The telephone is also still around and can be a primary tool for researchers, especially because it provides quick access. However, as discussed above, mobile phones have fundamentally changed the phone survey.


Email is cost-effective for large-scale surveys, although spam is an issue. When researchers first started using email, they must have been ecstatic with their shiny new toy. Since then, however, spam has corroded the shiny toy, making it more difficult to reach respondents (spam folders) or get them to trust an anonymous email and whatever links are in it. However, email is still very, very common for surveys.

Social Media

The new kid on the block, social media is also the cool kid on the block. It’s the anti-cold-call—surveys go out to people already following the organization, so those people are more likely to trust and participate in the survey. Researchers are more likely to get responses, and those responses can happen in near-real time because social is so fast.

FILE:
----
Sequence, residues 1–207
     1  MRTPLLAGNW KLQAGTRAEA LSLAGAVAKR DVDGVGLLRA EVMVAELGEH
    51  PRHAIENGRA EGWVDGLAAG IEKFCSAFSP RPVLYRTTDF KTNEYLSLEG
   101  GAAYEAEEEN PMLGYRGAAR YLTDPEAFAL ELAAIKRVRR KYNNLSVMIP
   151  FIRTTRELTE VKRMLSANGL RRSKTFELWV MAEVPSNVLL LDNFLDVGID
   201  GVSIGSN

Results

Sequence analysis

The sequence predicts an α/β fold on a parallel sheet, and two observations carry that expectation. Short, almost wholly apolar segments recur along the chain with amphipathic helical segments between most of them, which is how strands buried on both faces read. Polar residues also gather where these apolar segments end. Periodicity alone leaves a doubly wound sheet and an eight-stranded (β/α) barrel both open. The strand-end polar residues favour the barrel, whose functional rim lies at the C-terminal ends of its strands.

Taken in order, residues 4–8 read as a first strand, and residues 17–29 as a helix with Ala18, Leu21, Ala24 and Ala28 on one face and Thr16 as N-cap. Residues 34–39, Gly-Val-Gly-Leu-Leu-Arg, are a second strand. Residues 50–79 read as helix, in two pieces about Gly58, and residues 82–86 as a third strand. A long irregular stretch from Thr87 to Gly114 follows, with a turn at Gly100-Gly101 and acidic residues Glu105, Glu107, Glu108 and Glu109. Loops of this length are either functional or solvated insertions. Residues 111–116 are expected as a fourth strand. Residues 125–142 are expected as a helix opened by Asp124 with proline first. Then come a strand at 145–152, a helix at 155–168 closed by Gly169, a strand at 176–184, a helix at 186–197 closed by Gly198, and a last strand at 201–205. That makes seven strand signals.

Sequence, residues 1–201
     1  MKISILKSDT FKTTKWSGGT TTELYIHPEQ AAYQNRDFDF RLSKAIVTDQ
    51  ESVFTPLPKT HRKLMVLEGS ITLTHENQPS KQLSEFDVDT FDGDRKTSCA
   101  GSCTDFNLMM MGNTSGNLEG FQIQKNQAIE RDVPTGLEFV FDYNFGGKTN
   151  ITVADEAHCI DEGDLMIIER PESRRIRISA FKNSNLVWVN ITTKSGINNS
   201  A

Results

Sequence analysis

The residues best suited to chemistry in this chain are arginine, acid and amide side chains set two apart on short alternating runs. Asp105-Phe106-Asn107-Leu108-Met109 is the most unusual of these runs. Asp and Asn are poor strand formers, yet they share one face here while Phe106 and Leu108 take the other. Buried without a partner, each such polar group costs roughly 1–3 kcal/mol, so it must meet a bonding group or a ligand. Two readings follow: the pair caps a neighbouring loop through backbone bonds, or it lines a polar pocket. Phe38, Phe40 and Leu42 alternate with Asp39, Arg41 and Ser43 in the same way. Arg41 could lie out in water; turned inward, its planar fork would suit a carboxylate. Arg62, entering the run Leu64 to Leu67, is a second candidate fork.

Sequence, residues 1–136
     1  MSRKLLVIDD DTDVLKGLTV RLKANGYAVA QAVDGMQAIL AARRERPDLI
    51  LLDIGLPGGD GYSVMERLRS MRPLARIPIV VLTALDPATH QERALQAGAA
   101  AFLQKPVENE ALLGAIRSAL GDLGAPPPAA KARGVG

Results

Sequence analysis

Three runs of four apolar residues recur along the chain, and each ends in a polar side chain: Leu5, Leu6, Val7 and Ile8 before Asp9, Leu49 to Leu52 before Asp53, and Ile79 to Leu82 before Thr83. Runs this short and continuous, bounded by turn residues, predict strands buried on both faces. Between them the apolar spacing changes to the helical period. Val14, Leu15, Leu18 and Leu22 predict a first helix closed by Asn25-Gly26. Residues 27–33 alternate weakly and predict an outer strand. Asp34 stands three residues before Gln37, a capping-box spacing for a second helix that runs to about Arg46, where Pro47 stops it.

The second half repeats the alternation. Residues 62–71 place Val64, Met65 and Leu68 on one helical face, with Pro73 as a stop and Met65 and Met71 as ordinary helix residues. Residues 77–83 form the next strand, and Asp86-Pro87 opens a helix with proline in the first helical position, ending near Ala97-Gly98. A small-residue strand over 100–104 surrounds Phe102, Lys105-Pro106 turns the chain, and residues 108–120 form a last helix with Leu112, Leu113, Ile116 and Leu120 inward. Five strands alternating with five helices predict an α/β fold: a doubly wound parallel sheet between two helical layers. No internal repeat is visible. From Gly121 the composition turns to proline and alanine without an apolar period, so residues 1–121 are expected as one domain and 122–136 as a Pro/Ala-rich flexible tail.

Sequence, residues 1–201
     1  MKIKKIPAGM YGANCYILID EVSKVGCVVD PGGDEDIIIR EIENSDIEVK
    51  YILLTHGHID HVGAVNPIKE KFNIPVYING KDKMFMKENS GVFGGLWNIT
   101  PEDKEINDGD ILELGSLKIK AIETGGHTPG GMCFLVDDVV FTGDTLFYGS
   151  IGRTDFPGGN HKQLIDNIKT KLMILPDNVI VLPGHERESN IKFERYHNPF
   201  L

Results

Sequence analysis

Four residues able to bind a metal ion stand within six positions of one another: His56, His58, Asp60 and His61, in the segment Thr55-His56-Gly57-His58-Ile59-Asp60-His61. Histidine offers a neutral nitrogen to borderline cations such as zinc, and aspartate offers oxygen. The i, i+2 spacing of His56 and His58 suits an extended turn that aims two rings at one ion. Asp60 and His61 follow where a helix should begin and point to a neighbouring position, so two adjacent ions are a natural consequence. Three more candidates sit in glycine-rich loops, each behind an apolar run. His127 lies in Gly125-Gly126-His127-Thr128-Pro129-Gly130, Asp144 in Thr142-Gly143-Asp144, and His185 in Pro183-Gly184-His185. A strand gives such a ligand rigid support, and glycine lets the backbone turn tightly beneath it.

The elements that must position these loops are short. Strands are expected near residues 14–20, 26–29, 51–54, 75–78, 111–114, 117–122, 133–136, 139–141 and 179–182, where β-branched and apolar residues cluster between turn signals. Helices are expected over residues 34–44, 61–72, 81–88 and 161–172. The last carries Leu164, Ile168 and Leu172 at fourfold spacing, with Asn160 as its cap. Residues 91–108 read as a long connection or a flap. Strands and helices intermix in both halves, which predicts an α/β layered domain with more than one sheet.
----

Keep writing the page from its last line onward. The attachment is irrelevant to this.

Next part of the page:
Multimodal Delivery

Because we’re all communicating on numerous channels these days, researchers have to go to all of those channels to find us. Multimodal is the latest trend in surveys, enabling researchers to send surveys out on multiple communication channels—phone (mobile or otherwise), text, email, social media.

Surveys, In a Nutshell

There’s obviously a lot more to surveys than what I cover here, but I just wanted to provide an overview so those new to surveys have a chance to acquaint themselves and those not so new to surveys can refresh their memories.

It’s a good time to do either, actually, because the survey world is changing rapidly. New communication technologies alone have dramatically changed the rules of the game. And there’s no telling what’s on the horizon.